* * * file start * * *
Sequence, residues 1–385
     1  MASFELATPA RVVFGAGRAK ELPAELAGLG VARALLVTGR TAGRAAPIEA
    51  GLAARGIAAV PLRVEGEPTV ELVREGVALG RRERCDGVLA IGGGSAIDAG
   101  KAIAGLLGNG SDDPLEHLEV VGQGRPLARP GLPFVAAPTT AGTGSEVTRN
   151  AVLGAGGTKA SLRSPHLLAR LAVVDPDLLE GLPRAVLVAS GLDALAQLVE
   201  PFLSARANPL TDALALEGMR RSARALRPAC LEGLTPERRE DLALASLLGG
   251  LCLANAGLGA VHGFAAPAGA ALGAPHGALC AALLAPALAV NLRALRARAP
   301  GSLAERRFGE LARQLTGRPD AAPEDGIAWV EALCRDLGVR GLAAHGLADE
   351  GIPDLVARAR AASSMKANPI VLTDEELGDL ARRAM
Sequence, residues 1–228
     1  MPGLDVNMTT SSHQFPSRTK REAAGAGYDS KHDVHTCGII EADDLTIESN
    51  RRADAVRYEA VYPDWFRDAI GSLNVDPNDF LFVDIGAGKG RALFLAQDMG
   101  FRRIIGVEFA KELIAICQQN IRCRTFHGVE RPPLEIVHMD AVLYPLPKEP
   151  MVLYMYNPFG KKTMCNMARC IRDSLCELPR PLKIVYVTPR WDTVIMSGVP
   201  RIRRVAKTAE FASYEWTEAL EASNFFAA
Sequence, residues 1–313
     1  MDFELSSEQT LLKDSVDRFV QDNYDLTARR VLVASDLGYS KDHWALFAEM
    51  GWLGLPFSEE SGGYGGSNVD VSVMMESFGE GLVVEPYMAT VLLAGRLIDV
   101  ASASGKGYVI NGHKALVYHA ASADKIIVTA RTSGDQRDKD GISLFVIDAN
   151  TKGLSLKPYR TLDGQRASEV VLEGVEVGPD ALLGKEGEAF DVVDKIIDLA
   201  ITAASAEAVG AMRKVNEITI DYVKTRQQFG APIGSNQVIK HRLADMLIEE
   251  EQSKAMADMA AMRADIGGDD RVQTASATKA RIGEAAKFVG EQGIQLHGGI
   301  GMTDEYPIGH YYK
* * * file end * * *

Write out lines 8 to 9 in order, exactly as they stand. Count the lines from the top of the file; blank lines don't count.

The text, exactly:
   301  GSLAERRFGE LARQLTGRPD AAPEDGIAWV EALCRDLGVR GLAAHGLADE
   351  GIPDLVARAR AASSMKANPI VLTDEELGDL ARRAM